قالب وردپرس درنا توس
Home / Tips and Tricks / The killer whale Tahlequah, who mourned her dead calf for 17 days, gives birth to a child

The killer whale Tahlequah, who mourned her dead calf for 17 days, gives birth to a child



An orca named Tahlequah, who touched the hearts of people around the world in 2018 after carrying her dead calf for 17 days, gave birth to a new baby.

The 21-year-old orca – or “killer whale” – gave birth to a new calf, named “J57” by researchers, on September 4th in the eastern Strait of Juan de Fuca, US waters.

According to the Whale Research Center, Tahlequah and her new calf appear to be healthy as the child “swims vigorously next to its mother”.

Tahlequah gave birth to a calf in 2010 that survives to this day – ‘J47’, also known as ‘Notch’ – but she also miscarried in mid-201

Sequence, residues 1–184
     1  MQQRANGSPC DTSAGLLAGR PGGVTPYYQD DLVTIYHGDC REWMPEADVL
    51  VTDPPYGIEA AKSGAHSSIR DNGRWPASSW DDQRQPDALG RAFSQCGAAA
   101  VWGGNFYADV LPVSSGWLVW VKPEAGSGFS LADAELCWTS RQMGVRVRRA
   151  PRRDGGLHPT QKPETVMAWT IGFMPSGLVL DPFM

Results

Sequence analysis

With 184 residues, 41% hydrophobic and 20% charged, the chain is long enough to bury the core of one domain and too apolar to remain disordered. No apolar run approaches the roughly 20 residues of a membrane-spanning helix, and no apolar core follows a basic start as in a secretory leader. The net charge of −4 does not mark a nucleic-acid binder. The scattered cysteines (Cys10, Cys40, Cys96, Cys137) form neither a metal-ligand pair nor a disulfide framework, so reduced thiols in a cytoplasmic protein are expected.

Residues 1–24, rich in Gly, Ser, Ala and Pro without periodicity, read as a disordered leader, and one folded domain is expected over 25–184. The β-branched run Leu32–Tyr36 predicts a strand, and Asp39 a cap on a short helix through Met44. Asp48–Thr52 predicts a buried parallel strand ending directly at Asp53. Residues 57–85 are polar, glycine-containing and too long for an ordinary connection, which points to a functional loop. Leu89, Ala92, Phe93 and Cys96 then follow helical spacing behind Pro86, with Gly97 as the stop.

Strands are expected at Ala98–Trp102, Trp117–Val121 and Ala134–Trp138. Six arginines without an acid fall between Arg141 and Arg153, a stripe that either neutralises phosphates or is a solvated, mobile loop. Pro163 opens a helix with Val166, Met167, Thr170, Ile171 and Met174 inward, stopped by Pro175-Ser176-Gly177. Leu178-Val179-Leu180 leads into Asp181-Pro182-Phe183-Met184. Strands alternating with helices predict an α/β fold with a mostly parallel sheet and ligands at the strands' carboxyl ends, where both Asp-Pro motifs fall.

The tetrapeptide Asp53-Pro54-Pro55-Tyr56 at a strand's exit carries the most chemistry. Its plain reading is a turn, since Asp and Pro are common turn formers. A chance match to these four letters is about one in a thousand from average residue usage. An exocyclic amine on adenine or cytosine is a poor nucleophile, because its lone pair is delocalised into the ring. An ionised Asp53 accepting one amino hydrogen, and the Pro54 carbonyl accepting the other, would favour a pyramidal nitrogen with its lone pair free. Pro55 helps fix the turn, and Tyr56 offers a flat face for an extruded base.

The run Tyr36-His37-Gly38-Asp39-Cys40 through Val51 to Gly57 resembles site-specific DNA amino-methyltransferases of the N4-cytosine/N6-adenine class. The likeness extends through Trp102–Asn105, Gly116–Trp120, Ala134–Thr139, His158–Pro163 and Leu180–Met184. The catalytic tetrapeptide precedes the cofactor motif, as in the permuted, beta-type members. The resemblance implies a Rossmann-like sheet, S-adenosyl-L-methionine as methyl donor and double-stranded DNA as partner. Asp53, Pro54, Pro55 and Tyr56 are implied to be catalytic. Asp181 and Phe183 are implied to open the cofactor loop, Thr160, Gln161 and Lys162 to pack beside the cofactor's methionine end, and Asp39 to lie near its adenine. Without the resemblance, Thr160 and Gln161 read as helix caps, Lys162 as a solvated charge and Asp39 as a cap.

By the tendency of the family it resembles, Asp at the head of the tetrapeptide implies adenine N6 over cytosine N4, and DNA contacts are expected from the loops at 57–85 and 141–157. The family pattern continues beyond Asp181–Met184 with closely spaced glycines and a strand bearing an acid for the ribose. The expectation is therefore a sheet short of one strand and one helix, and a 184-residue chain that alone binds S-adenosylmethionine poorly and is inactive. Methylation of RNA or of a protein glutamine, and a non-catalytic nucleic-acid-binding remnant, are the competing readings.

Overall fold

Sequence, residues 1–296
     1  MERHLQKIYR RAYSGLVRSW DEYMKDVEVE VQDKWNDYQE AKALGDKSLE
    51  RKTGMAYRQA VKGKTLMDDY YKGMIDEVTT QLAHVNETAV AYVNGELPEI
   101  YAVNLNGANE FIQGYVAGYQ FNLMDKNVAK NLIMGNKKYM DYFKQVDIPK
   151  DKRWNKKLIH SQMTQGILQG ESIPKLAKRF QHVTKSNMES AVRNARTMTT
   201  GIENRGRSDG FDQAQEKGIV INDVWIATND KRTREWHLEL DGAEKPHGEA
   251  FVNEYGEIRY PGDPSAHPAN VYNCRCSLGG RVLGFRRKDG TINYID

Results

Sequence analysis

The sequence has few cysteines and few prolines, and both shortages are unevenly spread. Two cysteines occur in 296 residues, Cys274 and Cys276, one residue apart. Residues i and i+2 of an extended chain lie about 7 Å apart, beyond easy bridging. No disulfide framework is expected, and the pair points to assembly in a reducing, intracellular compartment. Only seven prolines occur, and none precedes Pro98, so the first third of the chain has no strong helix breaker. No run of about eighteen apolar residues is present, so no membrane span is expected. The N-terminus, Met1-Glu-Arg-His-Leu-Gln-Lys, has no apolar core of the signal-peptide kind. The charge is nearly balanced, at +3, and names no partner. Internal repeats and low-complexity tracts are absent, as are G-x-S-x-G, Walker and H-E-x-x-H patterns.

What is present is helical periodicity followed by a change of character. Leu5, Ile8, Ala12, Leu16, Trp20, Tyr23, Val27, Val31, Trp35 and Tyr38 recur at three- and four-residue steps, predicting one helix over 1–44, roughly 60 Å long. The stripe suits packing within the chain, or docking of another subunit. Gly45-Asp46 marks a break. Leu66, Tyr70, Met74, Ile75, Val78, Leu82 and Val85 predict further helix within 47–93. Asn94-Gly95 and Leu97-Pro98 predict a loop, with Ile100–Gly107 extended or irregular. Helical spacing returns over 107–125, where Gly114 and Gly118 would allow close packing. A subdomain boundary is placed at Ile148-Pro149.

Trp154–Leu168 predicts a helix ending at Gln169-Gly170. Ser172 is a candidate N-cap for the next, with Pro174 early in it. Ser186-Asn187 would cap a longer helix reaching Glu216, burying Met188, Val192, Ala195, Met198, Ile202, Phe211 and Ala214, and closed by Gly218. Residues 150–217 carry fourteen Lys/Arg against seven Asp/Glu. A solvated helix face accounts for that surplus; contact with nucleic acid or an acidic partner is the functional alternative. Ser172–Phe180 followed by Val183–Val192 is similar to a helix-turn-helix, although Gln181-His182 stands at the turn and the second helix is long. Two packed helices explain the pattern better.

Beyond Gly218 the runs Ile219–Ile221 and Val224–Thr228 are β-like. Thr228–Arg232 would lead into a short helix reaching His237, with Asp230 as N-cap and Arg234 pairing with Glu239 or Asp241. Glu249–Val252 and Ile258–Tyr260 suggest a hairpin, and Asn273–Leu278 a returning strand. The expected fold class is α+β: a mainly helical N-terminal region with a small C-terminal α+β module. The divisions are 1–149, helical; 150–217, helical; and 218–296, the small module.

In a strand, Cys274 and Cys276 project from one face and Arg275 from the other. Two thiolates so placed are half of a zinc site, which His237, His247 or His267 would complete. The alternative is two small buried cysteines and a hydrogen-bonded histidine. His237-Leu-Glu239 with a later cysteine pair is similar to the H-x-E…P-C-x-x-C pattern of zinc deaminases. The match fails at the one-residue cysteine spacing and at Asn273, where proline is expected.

0 before losing the calf shortly after it was born in 2018. Experts feared that she would likely lose this new one too.

An orca named Tahlequah, who touched the hearts of people around the world in 2018 after carrying her dead calf for 17 days, gave birth to a new baby

An orca named Tahlequah, who touched the hearts of people around the world in 2018 after carrying her dead calf for 17 days, gave birth to a new baby

Her pregnancy was first reported by whale watchers in July after experts from the Sealife Response, Rehabilitation and Research Conservation Group found she was larger than usual.

“We hope that the people on the water can give the southerners plenty of space to forage at this important time. With such a small population, every successful birth is hugely important to recovery, ”the non-profit group wrote at the time.

For experts, it was a relief when J57 was born between Washington State and Vancouver Island, which had not yet been given a common name by the research team.